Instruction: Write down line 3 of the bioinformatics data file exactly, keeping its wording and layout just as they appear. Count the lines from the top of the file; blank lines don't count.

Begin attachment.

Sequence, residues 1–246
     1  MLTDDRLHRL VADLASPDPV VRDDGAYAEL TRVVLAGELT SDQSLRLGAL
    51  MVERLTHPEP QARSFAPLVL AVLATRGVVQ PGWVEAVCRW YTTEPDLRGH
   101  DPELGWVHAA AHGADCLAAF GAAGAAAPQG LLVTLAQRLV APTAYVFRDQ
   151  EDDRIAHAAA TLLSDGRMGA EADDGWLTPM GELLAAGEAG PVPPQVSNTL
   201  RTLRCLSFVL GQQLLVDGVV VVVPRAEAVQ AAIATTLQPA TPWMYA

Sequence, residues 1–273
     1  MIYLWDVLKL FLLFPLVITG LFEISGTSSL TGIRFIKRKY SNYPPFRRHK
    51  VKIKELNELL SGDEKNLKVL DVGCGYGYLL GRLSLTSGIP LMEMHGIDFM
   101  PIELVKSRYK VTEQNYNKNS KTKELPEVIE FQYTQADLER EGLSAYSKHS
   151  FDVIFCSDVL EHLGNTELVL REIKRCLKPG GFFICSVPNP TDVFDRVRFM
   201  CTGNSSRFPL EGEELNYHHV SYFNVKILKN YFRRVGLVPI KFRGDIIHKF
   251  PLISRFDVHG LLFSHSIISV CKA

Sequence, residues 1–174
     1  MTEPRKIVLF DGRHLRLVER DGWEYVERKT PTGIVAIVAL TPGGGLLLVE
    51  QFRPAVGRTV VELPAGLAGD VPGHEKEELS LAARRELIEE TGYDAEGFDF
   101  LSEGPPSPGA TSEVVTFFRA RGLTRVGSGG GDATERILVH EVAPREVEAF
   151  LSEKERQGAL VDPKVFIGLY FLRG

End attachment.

    51  MVERLTHPEP QARSFAPLVL AVLATRGVVQ PGWVEAVCRW YTTEPDLRGH